Looking into Submarine Cable Internet

In the past, almost every form of long-distance communication was through intercontinental satellite. When the Internet first arrived, satellite links were quite common too. However, the high latency, low bandwidth and steep costs eventually resulted in satellite losing its position to fiber links. Now, satellites get used as backup or links for remote access. Almost 99 percent of the traffic moves via intercontinental links - which comprise six continents, with Antarctica being the only exception.

Transatlantic communication cables aren't new. They were in use ever since the 19th century when a huge telegraph cable mesh linked the United States, Europe, Africa, Oceania and Asia - most coming under the aegis of the British Empire. During the period, copper wires were in use but there weren't any repeaters. As a result, high voltage use was necessary on one side for registering a noisy and weak signal at the other end. Read this for more information.

Submarine Cables

Despite being just 7 inches thick, submarine cables are quite resilient. Beneath the polystyrene layer, there is a mylar layer along with several steel cables, made for imparting mechanical resistance to the cable. There are also layers of polycarbonate and aluminium, which offer guaranteed water protection. A gel layer, copper tube, and a fiber bundle are also part of the package.

In addition to using high-quality fiber, the links also have solid-state optical repeaters, built into the cables at 100-km intervals. The repeaters relay the weak signal, letting the links extend across several thousand miles. The repeaters are energy-powered. The energy is sent through via the cables, making stations necessary only where packet routing or multiple-link integration has to be performed.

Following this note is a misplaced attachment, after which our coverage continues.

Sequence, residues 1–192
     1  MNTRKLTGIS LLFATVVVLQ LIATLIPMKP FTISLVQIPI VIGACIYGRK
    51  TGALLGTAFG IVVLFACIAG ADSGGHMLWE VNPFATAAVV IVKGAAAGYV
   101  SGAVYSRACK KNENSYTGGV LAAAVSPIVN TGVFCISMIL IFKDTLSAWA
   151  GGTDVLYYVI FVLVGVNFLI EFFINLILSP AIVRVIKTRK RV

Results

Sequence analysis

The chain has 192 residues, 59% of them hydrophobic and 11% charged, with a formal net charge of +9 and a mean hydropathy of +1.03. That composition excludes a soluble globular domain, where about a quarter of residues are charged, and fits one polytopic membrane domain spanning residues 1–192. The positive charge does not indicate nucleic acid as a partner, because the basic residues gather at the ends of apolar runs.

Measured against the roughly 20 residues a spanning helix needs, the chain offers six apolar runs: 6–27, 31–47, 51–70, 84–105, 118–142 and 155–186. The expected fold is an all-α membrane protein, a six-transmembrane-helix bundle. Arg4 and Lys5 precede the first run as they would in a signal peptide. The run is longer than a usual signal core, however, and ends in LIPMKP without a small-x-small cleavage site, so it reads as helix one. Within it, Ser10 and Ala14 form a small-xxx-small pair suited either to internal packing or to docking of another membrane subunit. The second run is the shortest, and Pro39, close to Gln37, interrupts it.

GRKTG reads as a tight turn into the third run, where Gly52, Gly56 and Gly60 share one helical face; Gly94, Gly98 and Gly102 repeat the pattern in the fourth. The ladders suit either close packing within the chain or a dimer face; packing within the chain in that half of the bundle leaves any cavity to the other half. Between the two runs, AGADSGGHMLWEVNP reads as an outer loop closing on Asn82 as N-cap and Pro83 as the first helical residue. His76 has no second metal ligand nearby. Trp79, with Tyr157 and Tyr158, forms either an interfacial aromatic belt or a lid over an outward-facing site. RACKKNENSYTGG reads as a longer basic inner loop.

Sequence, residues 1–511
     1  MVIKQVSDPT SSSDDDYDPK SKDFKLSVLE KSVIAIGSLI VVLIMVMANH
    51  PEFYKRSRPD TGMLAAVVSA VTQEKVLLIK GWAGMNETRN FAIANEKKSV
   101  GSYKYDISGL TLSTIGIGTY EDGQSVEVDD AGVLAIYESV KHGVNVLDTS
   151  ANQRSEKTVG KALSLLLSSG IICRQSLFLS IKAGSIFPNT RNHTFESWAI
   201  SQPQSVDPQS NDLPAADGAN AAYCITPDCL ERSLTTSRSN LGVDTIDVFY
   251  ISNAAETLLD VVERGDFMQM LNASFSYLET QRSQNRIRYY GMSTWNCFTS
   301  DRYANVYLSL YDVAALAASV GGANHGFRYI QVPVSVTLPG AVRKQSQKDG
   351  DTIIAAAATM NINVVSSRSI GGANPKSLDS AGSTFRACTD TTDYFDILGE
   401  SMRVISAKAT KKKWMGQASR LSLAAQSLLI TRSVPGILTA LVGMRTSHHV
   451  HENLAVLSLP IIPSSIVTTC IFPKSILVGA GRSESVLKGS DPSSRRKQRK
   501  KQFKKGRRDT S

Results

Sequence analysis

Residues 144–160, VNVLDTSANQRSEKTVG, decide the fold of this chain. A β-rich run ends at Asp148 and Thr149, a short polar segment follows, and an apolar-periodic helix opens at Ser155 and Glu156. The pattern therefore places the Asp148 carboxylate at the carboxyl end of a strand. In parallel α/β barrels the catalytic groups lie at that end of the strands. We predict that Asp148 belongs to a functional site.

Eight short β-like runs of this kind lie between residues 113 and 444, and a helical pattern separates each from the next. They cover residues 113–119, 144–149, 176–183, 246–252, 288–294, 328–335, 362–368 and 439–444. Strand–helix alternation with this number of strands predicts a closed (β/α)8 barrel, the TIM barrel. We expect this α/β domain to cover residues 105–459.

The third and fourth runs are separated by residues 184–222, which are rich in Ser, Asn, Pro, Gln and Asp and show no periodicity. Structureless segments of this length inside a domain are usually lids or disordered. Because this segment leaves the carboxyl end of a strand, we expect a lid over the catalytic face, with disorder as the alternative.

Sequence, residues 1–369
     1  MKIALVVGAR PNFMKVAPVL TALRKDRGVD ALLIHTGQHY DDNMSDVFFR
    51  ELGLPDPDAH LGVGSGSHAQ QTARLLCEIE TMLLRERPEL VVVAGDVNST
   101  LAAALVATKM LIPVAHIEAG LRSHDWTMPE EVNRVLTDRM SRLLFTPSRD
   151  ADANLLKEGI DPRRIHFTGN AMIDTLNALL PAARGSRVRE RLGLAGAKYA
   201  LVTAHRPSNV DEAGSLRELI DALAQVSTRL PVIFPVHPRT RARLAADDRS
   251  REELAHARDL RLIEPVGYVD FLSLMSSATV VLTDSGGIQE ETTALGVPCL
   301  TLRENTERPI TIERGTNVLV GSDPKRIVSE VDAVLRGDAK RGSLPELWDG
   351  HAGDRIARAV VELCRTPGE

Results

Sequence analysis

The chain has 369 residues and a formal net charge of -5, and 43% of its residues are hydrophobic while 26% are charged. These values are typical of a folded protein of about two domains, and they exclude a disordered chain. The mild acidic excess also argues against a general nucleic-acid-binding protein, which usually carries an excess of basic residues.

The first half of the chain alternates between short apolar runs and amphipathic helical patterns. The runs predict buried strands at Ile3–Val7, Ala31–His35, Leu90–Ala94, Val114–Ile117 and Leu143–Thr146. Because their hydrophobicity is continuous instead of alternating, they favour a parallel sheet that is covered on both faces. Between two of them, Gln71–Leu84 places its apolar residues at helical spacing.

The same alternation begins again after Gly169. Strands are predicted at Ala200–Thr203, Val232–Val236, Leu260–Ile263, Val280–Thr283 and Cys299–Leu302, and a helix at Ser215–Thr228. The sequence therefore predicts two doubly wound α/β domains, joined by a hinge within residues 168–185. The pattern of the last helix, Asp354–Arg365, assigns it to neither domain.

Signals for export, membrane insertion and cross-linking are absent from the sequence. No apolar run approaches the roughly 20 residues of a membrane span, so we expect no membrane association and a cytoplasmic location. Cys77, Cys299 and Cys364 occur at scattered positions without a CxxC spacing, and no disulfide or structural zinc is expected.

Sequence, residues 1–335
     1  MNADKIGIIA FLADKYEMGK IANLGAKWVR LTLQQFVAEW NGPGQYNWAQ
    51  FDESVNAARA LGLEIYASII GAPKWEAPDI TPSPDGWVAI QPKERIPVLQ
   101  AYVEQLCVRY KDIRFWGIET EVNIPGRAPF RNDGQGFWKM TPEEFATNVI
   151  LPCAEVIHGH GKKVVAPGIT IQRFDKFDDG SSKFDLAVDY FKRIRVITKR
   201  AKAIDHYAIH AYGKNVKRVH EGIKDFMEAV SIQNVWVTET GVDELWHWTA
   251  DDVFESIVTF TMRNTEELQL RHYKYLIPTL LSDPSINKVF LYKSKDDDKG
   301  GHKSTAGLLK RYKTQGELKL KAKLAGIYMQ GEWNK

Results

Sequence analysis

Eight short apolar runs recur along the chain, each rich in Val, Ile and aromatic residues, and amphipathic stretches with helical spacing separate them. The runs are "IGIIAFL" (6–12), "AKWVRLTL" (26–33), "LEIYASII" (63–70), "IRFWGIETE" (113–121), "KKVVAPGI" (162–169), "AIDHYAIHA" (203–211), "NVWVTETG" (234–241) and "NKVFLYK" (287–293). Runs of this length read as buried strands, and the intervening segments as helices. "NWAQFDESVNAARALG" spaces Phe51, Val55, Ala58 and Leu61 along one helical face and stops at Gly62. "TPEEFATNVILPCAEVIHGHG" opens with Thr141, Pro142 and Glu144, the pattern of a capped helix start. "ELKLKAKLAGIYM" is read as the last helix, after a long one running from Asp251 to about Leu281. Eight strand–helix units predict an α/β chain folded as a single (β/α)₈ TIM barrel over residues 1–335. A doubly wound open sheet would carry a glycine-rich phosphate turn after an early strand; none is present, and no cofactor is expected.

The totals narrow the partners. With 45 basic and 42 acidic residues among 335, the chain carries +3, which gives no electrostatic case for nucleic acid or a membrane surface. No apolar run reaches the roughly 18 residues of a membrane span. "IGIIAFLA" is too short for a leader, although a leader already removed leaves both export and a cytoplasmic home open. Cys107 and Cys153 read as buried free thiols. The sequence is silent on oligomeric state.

The cables, which cost several billion dollars, are placed above ocean floor along with specialized vessels. Work is performed in a couple of stages. The ship moves slowly and pushes the cable to the seabed. The ship is linked to a robotic installer that digs a small grave on the floor and buries the cable almost instantly. For proper signals, the installed cable should be perfectly straight.

At the moment, 40 gigabits can be transmitted for every strand. Every cable is made of several wires, which means the house's total transmission capacity will be in terabits, as per the dark fiber's specific percentage and cable Internet capacity.

These underwater cables are ably supported by regular land-based cables. These traditional cables are laid alongside power transmission lines or roads, making a fiber mesh spanning all big cities. Other access modes like cable, ADSL, 3G, etc. are fiber-connected, which helps create a large network base.

Inside the cables, the signal moves almost at lightning speeds. Good and reliable latency is possible even with router and repeater-induced delays. In fact, pings between Beijing and London are now under 300 ms - something that was beyond imagination some years ago.

Despite this, fresh cables are continuously installed, to reduce latency or increase current capacity. One of the recent examples is a new link connecting Japan and the UK, which passes via the Arctic Ocean, at an estimated cost of above $3 billion. The price covers the expense for cable, control station router installation, and related infrastructure.